President Obama launched his Promise Zones program in January, holding true to a promise from his 2013 State of the Union. The program — which prompted a lot of, wait, what is a Promise Zone? questions — is a place-based approach to fight poverty, starting with five pilot cities. Now, a new report from the Center for American Progress looks at the early returns and what, exactly, the government can do to improve the program. Here are four takeaways from the new report.
Get Congress Involved
From the outset, Obama has lobbied for tax incentives to be a part of the program — specifically, private tax credits for both hiring and investing in Promise Zones. “This will,” the report finds, “create jobs and attract additional private investments.” Now it’s up to Congress to implement legislation that will undoubtedly spur some equitable economic development.
Leverage More Private Investment
Sure, this is self-evident. Of course private investment will help foster job creation and economic development! But, according to the report, “despite emerging interest from the private sector in each of the current zones, some communities are unsure how to engage the private sector at this time.” The Promise Zones initiative needs to do a better job of helping each city better understand the idiosyncrasies of their regional markets and the private players therein.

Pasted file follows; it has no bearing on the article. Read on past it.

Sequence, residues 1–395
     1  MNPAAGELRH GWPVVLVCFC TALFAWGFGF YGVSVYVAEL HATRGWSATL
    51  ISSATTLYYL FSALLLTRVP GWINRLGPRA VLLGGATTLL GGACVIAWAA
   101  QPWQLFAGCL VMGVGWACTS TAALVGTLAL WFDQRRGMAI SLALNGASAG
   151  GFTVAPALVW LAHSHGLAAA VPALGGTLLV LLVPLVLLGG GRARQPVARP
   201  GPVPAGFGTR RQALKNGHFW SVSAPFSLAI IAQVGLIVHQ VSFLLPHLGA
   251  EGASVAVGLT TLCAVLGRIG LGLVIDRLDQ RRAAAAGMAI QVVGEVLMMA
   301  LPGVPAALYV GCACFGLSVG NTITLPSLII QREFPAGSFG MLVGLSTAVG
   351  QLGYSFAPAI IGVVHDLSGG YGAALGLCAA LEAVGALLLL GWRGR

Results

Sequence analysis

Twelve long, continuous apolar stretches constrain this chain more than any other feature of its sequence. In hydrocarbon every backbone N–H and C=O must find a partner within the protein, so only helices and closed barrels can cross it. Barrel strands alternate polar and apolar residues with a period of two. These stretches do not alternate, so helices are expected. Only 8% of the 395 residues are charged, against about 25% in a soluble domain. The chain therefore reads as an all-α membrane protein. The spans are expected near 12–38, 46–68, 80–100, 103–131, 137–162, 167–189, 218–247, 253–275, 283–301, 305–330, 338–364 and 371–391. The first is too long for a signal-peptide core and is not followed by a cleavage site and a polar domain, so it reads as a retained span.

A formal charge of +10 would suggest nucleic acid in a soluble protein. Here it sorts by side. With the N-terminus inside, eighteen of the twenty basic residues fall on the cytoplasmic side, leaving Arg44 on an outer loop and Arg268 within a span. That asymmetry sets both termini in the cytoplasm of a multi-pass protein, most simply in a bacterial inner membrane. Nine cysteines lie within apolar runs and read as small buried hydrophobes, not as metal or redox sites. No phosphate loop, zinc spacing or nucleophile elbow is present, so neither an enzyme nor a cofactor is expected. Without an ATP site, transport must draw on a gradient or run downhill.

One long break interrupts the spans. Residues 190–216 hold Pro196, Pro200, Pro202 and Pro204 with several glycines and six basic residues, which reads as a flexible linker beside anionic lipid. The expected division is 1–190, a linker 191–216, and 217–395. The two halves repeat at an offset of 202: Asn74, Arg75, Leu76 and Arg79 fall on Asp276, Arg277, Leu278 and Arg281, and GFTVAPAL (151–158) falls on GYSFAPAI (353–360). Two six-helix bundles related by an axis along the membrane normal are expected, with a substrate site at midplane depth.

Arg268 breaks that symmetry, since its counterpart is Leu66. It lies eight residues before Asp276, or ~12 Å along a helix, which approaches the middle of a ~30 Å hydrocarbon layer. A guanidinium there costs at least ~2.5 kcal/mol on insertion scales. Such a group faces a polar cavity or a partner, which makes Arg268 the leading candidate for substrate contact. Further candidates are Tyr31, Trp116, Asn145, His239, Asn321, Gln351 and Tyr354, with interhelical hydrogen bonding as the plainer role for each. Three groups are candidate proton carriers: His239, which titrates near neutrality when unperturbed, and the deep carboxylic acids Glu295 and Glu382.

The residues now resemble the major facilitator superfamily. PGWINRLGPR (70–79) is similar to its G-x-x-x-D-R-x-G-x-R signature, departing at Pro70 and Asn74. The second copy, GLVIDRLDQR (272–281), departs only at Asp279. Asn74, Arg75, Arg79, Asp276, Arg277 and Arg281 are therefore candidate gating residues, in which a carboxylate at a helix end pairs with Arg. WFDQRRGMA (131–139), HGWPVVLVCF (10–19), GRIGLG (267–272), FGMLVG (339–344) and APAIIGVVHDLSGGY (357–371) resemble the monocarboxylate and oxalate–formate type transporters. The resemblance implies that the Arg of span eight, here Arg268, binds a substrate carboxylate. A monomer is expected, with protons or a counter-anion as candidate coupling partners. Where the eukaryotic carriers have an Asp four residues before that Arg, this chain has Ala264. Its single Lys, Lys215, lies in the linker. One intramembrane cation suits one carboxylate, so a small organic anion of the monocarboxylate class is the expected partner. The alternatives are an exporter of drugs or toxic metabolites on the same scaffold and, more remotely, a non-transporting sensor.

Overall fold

Explore Regional Opportunities
In the first few months of the program there has been what was characterized as “limited participation from regional leaders.” While Promise Zones focus on neighborhoods and districts that need help most, a city can’t thrive without regional cooperation — especially when it comes to a city’s workforce, which stretches well beyond its borders. “It is critical for communities to capitalize on regional opportunities in order to enhance their targeted neighborhood strategies,” the report finds.
Tap Into Anchor Institutions
Some universities and hospitals — eds and meds, as they’re called — don’t quite realize the power they have to drive an entire city’s economy. The report calls for HUD and the Department of Education to “identify existing resources to facilitate deeper partnerships between colleges and universities and their communities.”
The Equity Factor is made possible with the support of the Surdna Foundation.
Bill Bradley is a writer and reporter living in Brooklyn. His work has appeared in Deadspin, GQ, and Vanity Fair, among others.